Evidence in relation to whether Stanley Fischer committed plagiarism in his MIT PhD

February 25, 2014

This post is draft and preliminary on the topic of whether Stanley Fischer committed plagiarism in his Ph.D. thesis “Essays on assets and contingent commodities.” at MIT in 1969.  Paul Samuelson, Duncan Foley and Franklin Fisher were his committee.  Miguel Sidrauski was chairman until he died in 1968, then Foley and then Fisher.

Stanley Fischer in his 1969 thesis claims that he did not see the Hakansson 1966 thesis until after he wrote the parts of his thesis relevant to the issue of copying.

Paul Samuelson also told through intermediaries to Hakansson that he had not seen Hakansson’s thesis but felt guilty.  Samuelson’s 1969 paper was part of a group of 4 papers published in 1969 linked to the MIT Econ group.

Samuelson Paul 1969 “Lifetime portfolio selection by dynamic stochastic programming”

http://ideas.repec.org/a/tpr/restat/v51y1969i3p239-46.html MIT Press in its journal Review of Economics & Statistics. Volume (Year): 51 (1969) Issue (Month): 3 (August) Pages: 239-46

Robert C Merton Lifetime Portfolio Selection under Uncertainty: The Continuous-Time Case.  MIT Press in its journal Review of Economics & Statistics. Volume (Year): 51 (1969) Issue (Month): 3 (August) Pages: 247-57


Optimal Savings under Uncertainty    Levhari, David    Srinivasan, T N  Review of Economic Studies. Volume (Year): 36 (1969) Issue (Month): 106 (April) Pages: 153-63.

Levhari was a coauthor with Samuelson and co-author of Franklin Fisher.

Before them all and at MIT since 1966 was Hakansson’s 1966 thesis and UCLA working paper.


Hakansson’s paper was delayed in publication at Econometrica from 1966 to 1970.  Franklin Fisher was the editor of Econometrica in 1969 and 1970.


In 2003, after over 30 years to think of his story, Samuelson wrote the following.

 Thus, my much-cited 1969 paper on optimal intertemporal portfolio programming opportunistically used the Bellman-Beckman-Phelps recursive techniques to analyze what defines the best qualitative asset-portfolio mix of the Phelps 1962 aggregate saving. It was not plagiarism but it was horning in on a created public good there for the taking.


from Preface Knowledge, Information, and Expectations in Modern Macroeconomics:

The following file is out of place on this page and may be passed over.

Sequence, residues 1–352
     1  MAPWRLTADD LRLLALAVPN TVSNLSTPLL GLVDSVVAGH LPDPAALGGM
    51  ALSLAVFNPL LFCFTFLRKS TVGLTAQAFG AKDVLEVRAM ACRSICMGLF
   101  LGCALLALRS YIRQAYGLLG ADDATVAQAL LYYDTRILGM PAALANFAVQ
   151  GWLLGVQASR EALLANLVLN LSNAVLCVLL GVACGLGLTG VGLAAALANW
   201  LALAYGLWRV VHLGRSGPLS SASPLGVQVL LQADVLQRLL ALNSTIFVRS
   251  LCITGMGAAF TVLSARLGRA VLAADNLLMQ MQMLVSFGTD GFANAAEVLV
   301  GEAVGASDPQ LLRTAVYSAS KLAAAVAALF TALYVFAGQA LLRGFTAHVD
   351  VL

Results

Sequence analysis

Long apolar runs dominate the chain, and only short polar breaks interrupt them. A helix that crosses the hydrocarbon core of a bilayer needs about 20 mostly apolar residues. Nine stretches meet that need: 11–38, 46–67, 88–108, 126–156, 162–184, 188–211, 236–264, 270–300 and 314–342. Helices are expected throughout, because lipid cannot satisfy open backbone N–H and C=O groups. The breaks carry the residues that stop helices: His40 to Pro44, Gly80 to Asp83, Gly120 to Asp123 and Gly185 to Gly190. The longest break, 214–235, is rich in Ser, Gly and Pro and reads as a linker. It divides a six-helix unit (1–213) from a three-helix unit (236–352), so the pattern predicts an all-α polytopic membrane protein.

In Honor of Edmund S. Phelps
Edited by Philippe Aghion, Roman Frydman, Joseph Stiglitz, and Michael Woodford. Its on line.


(See also



So in 2003, after 30 years to think of his story, Samuelson tells us this is it.  This suggests the picture that at MIT, Samuelson, Stanley Fischer, Robert C. Merton and their thesis committees including Miguel Sidrauski, Duncan Foley, Franklin Fisher, Paul Samuelson and others there such as Karl Shell and Peter Diamond were busying studying the 1962 paper by Phelps and did not know of the 1966 paper by Hakansson.

Phelps paper 1961 working paper at Cowles. “The Accumulation of Risky Capital: A Discrete-Time Sequential Utility Analysis.”


The MIT case is as follows.

  1. MIT does not acknowledge having the Hakansson 1966 paper at MIT in their statements.  So if it is shown they did have it, that shows they concealed information in their self serving claims later.
  2. Samuelson invented the intertemporal portfolio part for finite horizons himself and sketched the extension to multiple risky assets and inequality constraints.
  3. Robert C. Merton was not aware of the Hakansson or Hayne Leland 1968 Harvard thesis.
  4. Fischer invented his thesis based on the Samuelson August 1969 paper in draft form.
  5. Merton based his 1969 paper on the Samuelson 1969 paper in draft form.
  6. Stanley Fischer in his 1980s book with Blanchard gives sole credit to intertemporal portfolio choice to Samuelson not mentioning Hakansson at all.

Some problems with this are

  1. Stanley Fischer doesn’t even cite the 1962 Phelps paper in his thesis. Strange if they were all using Phelps as their starting point.  Note Samuelson was on the Fischer thesis committee, so if Samuelson thought they were using Phelps as their starting point, why didn’t he make Fischer cite Phelps in Fischer’s 1969 thesis?